As a catalyst to help Illinois compete for up to 20,000 jobs in a new industry sector, State Sen. Chapin Rose hosted the state’s top economic and agriculture leaders on a tour of the Integrated Bioprocessing Research Lab (IBRL) at the University of Illinois in Urbana and the James R. Randall Research Lab and Midwest Inland Port at ADM in Decatur March 13.
The group learned about the enormous future economic and jobs potential in Central Illinois through bioprocessing research, development, and production.
Joining Rose in Urbana at the IBRL was Director Sean McCarthy from the Department of Commerce and Economic Opportunity (DCEO), Director Raymond Poe from the Department of Agriculture; Dean Kim Kidwell from the College of Agricultural, Consumer, and Environmental Sciences at the University of Illinois; Director Vijay Singh of the IBRL, and several local agriculture and economic development leaders. Later in the day, the state leaders met with local industry leaders to tour the Randall Research Lab and Midwest Inland Port at ADM in Decatur.
Rose says it’s all in an effort to give these leaders a working knowledge of what the I-72 corridor has to offer so they can spread the world to their international contacts.
“Central Illinois is perfectly suited to be the world leader of the new bioprocessing industry with the production and shipping capacity of Decatur on one side, the research of the IBRL in Urbana on the other side, and the best corn and beans in the world in between,” Rose said. “With these advantages, Illinois can become the number one place for investment in biochemistry research, development and production. Nearly 20,000 jobs are estimated to come from this new industry. We have something no one else in the world has to offer so the potential for jobs is there.”
“It is great to join Senator Rose, Director Poe and leaders at the University of Illinois to tour this cutting-edge facility,” McCarthy said. “The IBRL will help position Illinois as a major player in the growing biochemistry industry by equipping the next generation with the knowledge, education, and skills they need to have a successful future in bioprocessing research and development.”
“Illinois is the number one soybean producing state in the nation,” Poe said. “Agricultural exports are extremely vital to Illinois’ economy especially since 95% of the world’s population lives outside the United States. Illinois farmers and ranchers have a great responsibility to feed and clothe the world. To strengthen our agricultural economy, we need trade agreements that set high-standards and address the 21st century issues of our global economy, and the infrastructure to support the demand of Illinois products.”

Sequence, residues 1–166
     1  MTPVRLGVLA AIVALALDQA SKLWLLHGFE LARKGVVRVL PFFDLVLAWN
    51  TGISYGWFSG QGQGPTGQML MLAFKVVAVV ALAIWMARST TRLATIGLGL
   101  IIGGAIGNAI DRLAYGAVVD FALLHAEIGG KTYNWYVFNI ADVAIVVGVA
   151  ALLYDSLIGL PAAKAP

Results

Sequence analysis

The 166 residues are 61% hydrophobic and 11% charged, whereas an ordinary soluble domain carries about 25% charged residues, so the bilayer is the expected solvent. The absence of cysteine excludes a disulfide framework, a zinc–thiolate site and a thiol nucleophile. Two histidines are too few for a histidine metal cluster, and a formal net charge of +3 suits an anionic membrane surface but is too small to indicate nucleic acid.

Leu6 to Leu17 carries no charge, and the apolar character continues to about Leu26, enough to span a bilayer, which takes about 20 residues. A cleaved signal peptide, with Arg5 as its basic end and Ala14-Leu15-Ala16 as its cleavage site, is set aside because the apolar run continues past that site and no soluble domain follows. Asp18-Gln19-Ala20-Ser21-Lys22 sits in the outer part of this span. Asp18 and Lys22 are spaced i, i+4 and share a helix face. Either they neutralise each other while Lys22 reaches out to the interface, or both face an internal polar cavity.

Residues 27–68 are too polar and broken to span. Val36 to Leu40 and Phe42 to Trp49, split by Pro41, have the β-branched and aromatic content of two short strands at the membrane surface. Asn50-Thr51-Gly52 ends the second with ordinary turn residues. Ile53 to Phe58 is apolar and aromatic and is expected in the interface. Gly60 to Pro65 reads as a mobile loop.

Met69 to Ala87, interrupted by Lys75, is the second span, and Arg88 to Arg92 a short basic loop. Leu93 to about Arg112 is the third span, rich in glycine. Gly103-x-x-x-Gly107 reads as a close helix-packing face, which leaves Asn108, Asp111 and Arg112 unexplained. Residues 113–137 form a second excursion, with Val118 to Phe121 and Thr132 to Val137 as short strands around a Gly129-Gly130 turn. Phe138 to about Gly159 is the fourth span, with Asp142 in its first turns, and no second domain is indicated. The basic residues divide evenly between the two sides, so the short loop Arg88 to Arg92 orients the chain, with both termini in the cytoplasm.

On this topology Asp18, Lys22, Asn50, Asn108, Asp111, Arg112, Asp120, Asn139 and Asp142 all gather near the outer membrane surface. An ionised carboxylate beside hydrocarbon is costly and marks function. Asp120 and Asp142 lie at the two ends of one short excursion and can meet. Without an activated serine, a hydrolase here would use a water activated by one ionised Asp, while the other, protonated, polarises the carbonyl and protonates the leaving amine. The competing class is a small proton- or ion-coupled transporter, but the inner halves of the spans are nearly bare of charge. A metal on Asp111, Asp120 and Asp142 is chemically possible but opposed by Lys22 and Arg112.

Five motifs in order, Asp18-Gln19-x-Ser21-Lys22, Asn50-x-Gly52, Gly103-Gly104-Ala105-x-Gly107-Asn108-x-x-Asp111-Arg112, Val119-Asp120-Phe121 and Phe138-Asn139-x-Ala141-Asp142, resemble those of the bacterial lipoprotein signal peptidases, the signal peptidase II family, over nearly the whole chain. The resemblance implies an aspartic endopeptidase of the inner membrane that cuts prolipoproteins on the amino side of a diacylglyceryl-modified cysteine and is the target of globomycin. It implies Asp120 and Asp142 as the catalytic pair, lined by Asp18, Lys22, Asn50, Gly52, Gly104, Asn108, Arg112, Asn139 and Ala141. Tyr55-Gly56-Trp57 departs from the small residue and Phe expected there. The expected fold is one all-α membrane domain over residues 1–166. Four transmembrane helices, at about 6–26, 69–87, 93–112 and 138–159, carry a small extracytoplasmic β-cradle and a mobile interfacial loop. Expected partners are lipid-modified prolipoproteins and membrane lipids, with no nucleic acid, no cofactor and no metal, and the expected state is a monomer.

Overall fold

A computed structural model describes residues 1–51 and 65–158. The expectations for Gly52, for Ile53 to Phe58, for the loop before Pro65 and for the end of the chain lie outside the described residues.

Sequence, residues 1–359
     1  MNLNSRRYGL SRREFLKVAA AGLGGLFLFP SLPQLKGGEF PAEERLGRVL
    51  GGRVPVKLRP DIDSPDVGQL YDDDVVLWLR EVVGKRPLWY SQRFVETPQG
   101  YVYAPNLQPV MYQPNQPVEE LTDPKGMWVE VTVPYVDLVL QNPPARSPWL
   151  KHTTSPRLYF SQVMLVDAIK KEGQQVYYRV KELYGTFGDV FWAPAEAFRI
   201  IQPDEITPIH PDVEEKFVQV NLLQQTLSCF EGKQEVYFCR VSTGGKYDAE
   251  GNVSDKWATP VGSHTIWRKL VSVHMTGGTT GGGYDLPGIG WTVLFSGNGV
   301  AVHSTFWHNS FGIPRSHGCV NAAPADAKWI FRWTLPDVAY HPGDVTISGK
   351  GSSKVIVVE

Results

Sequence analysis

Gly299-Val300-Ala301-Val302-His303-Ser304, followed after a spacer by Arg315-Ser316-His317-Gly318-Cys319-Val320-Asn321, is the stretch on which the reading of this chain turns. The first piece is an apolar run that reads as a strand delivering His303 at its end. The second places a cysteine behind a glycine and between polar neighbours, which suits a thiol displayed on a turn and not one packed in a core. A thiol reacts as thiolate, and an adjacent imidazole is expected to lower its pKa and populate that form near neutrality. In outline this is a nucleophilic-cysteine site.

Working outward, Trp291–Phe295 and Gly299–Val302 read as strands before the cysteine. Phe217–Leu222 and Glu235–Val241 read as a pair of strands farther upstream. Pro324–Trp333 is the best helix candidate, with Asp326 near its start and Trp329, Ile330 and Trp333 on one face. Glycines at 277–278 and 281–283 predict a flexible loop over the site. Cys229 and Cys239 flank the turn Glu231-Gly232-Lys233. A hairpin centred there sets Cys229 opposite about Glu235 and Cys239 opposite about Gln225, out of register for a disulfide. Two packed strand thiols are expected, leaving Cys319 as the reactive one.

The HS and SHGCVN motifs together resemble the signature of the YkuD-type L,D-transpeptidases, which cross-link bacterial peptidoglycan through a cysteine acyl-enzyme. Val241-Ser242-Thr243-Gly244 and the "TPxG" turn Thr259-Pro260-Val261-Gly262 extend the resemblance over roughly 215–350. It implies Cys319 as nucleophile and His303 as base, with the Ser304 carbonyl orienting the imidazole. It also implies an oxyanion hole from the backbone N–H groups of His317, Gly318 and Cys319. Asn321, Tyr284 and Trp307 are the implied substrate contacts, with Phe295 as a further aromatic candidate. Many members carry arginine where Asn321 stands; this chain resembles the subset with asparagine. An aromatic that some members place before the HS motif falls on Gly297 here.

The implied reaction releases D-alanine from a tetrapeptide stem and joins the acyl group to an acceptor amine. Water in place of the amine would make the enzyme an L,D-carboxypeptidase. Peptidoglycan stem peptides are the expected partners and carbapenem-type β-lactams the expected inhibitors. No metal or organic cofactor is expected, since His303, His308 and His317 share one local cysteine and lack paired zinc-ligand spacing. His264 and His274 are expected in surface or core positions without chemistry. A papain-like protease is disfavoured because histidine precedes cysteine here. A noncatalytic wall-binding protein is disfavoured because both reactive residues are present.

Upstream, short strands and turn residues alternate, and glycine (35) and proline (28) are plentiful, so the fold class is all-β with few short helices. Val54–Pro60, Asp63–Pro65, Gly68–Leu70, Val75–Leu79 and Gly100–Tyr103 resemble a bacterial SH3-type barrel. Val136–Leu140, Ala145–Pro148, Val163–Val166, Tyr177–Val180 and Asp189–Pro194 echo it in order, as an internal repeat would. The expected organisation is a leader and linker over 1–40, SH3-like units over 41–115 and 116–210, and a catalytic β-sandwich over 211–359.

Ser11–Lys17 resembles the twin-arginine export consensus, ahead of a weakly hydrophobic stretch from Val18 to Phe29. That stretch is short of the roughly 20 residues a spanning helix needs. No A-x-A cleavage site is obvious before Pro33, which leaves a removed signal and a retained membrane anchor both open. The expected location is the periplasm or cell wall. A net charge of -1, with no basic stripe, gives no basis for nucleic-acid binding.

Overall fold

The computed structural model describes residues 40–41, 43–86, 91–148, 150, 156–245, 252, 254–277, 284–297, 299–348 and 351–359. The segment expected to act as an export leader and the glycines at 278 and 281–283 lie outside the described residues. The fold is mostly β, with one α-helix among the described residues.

“The IBRL is going to be the state-of-the-art industrial biotech translational research facility that will accelerate the path from discovery to commercialization of processes utilizing chemical, physical, and biological conversion of renewable feedstocks to biofuels and other value-added products,” Singh said.
Rose led the effort to secure $26 million from the state last year to help construct the IBRL, which is critical infrastructure in Illinois’ bid to become the world leader in this field. The IBRL will complement the production and transportation capacity of Decatur and the surrounding area’s corn and soybean production, and work with the industrial biotechnology sector to accelerate growth of this rapidly emerging biotechnology sector.
Rose points to a number or reasons why Central Illinois can be on the cutting edge of the bioprocessing industry:
· Decatur is host to the production capacity of ADM, and Tate & Lyle, and their own top-flight research laboratories;
· The region is surrounded by corn and beans – the two crops necessary to fuel this conversion from petroleum-based chemicals to renewable, environmentally-friendly biochemical products;
· Decatur has the shipping capacity of the Midwest Inland Port – with 100 million customers within 10 hours truck traffic of Decatur;
· The State of Illinois’ strategic investment in the IBRL to bring the world-class brainpower of the University of Illinois to industry to serve as a catalyst to research and production allowing us to get in on “the ground floor” of this new industry.
In Springfield, Sen. Rose and State Sen. Andy Manar (D-Bunker Hill) introduced legislation this year designed to grow Illinois’ bio-based economy. Senate Bill 1656 provides incentives to Illinois businesses to produce and sell new renewable products made from biomass and other renewable sources by providing a state tax credit to Illinois companies that produce and sell new manufactured products made from manufactured bio-based molecules of biomass feedstocks. These products represent the next generation of advanced biofuels and include renewable chemicals and food additives.
The legislation builds upon Illinois’ strong agricultural base and seeks to provide new products and markets derived from grain commodities and their by-products. Universities and private companies are investing in a race with other states in research and development to introduce these products to the marketplace.
Industrial Biotechnology is enabling the production of a new generation of renewable chemicals, biobased materials and bioplastics produced from biomass. These can serve as a replacement or supplement to traditional fossil fuel-based chemicals and products. The emergence of this technology represents a historic opportunity to reverse job losses in the chemicals and plastics sectors, increase energy security, replace fossil fuel-derived chemicals, reduce greenhouse gas emissions, maintain U.S leadership in clean energy and chemistry, and build domestic renewable chemicals and biobased production facilities.